Has Martin Luther King's dream come true?
When I helped draft that 1963 speech, none of us imagined an African American president. But US society is far from post-racial.
By Clarence Jones
In 1963, I had a contentious meeting with Robert Kennedy. In defending the civil rights achievements of his brother John and the Justice Department during his tenure as attorney general, RFK predicted that, "in 40 years", a negro might be president of the United States. Those of us who worked closely with Martin Luther King Jr never contemplated the possibility of a black president in our lifetimes. Kennedy turned out to be off by only five years.
In 2008, I travelled to France as the guest of SOS Racisme and the mayor of Paris. My invitation was part of the city's celebration of the 60th anniversary of the UN's Declaration of Human Rights and commemoration of the legacy of Dr King, 40 years after his death. One question asked of me, again and again there, was: Does the election of Obama as president of the United States mean that Dr King's dream has been fulfilled?
This is posed as a yes-or-no question, and I find that troubling. Because the situation is one of degrees. The problems of prejudice exist on a continuum. A better question might be: have we even come close?
Much progress has indeed been made. As a participant in the civil rights movement, I'm proud of that progress. But as long as there is necessity for such a legal category as hate crime, the "Dream" remains unfulfilled. As long as DWB ("Driving While Black") in the presence of police remains a perilous activity for many African Americans throughout our nation, the Dream remains diluted. As long as unemployment among African Americans keeps repeating the historic ratio of double the rate of unemployment among white people, the Dream remains unfulfilled. As long as polarisation of wealth and absence of equal access to economic opportunity continue to escalate and disproportionately affect African Americans, the Dream remains unfulfilled.
These are not anomalies; they are realities in America. As such, the Dream that Martin Luther King Jr brought to us remains out of reach.
Those who argue that our election of an African American president proves that racism is a thing of the past are not looking closely at the subtleties of racism. Of course, Barack Obama is living proof that progress has been made towards respect for African Americans, but consider the hatred that bubbled up as he gained momentum in the primaries.
Even Obama's eventual running mate, Joe Biden, was scrutinised by the media over a possibly racist comment. Among the adjectives he used to describe his then opponent, Biden offered "African American" and then the word "clean". And while he kept backpedalling, saying he meant the phrase to invoke the idea there were no skeletons in Obama's closet, one cannot help but wonder. Would Biden or any other public servant ever describe someone like John Kerry as "white and clean?" It is doubtful.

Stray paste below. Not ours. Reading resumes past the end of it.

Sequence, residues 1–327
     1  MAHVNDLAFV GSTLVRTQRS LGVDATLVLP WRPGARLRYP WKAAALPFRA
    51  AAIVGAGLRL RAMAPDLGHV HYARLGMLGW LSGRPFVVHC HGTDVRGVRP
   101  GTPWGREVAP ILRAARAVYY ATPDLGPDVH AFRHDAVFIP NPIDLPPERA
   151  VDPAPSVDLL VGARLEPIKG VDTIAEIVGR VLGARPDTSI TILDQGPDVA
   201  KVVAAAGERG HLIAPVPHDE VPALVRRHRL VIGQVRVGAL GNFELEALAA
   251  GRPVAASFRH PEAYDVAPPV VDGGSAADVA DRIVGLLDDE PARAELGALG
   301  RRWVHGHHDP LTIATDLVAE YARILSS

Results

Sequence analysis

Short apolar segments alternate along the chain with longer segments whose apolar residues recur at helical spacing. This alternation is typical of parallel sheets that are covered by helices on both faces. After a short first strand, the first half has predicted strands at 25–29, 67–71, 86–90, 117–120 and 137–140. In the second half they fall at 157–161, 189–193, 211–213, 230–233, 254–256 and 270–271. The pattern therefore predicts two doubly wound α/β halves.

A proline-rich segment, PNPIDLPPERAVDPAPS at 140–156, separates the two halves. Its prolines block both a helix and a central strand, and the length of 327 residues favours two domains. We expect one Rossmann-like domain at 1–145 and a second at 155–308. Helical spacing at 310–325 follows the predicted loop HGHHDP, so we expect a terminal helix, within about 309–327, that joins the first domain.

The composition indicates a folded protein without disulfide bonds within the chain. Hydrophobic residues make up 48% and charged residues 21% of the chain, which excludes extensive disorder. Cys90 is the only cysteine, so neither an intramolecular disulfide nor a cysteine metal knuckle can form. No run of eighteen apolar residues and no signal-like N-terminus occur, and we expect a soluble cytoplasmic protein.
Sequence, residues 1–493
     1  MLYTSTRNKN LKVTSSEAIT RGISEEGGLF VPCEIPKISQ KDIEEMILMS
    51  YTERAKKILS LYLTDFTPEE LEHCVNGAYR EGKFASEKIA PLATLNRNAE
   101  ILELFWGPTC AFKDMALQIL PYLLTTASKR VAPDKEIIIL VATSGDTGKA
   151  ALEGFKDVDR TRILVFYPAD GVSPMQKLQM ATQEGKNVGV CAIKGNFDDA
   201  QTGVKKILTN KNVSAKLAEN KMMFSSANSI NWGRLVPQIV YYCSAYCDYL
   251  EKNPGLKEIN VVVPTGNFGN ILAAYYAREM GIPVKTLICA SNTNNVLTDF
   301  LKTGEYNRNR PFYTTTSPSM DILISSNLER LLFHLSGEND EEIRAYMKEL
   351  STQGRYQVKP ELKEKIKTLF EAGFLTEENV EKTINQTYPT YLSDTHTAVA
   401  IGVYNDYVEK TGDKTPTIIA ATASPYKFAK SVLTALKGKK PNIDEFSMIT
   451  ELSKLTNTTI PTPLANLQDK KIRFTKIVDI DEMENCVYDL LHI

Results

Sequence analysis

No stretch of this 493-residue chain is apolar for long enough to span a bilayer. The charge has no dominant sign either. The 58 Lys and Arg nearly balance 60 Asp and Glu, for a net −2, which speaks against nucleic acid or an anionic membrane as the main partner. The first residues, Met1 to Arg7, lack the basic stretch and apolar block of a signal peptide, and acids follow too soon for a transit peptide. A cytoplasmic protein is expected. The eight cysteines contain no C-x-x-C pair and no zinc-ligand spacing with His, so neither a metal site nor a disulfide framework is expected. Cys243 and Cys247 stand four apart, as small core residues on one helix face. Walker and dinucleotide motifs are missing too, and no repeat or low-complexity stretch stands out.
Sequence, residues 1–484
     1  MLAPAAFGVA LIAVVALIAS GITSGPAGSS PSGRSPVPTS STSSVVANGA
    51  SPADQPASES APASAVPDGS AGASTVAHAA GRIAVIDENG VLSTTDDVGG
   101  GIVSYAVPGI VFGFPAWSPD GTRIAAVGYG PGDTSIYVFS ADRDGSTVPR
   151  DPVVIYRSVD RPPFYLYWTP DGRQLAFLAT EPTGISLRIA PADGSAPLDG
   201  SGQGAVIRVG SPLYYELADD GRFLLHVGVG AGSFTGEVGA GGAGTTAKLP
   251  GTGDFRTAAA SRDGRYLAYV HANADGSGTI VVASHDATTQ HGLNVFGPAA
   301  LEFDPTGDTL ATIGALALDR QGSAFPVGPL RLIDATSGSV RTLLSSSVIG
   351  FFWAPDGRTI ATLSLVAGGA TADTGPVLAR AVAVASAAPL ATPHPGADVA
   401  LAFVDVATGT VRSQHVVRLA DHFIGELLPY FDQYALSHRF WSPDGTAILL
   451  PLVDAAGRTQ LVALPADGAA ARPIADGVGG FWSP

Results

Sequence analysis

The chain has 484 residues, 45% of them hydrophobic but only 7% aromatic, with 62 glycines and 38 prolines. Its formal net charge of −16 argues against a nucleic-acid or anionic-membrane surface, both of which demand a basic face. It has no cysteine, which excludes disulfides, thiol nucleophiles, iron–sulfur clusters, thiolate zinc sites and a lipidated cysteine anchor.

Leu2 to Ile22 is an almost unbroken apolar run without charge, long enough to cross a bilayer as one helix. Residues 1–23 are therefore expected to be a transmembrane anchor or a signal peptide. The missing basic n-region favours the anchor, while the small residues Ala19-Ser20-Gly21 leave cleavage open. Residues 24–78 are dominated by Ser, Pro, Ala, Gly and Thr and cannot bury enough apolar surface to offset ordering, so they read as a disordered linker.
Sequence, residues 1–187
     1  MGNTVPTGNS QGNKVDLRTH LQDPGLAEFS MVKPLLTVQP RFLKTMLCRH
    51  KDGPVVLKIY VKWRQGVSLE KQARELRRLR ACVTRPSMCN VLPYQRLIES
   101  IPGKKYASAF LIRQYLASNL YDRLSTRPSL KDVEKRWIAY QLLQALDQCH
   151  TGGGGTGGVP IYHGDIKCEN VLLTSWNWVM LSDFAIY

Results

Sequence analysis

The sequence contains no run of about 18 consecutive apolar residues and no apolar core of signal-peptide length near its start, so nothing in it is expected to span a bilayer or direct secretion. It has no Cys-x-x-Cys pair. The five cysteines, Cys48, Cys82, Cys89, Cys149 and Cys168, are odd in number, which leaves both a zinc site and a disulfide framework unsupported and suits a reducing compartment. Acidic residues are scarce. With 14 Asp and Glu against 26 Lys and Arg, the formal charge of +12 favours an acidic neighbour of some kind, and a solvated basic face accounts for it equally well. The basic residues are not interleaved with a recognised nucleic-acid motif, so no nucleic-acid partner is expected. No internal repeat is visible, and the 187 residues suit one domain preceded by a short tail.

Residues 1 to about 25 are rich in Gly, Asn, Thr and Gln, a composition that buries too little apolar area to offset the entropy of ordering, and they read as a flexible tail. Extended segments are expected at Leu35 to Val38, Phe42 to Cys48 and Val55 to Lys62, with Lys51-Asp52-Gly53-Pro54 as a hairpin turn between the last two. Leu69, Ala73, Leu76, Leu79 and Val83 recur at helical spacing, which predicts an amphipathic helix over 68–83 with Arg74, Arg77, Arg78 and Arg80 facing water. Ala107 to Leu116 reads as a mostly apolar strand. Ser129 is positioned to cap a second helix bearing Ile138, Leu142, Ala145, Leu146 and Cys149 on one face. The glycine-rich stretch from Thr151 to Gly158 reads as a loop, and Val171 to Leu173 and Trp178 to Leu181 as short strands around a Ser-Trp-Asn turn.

The post-racial America it's been suggested we achieved by Obama's election is nowhere in sight. The truth may be that we don't want to admit to ourselves that an African American president does not mean a society wholly accepting of all African Americans. Indeed, racism continues to fester in every American city and town. We can safely, if sadly, say that we have not fully achieved the Dream.
Those who say otherwise simply have not taken the requisite look at the underlying political ideology that powered the philosophical engine of Martin Luther King Jr. The essence of his dream for African Americans after the March on Washington was this: a United States where every person has the equal opportunity – educationally, economically, culturally and politically – to participate in our society and develop themselves to the maximum of their abilities, irrespective of the colour of their skin or ethnicity. This concept assumes that, all other things being equal, African Americans should have access to the same opportunities as whites.
But this "all other things being equal" is the lie of race relations in America. Because our country has not levelled the playing field at all. Various civil rights bills, constitutional amendments and supreme court decisions aimed at dismantling segregation in education, transportation and rental housing, have not constituted "all other things being equal". Ours is a capitalist society, and each individual's market power is key to how he is treated. There remains an enormous division between the races when it comes to median income, home ownership, education, life expectancy, the incarceration rate, drug use and mortality rate.
The issue at the heart of all these problems is the idea that freedom and economic opportunity are interchangeable; that freedom is economic opportunity. This is false logic. Freedom without economic opportunity is just a variant form of oppression. Further, this thinking is dangerous because it obscures the definitive criterion necessary in evaluating the realisation of Martin's Dream for African Americans in the 21st century and beyond: wealth.
• This article is adapted from Clarence B Jones' new book, co-authored with Stuart Connelly, Behind the Dream: The Making of the Speech That Transformed a Nation, published by Palgrave Macmillan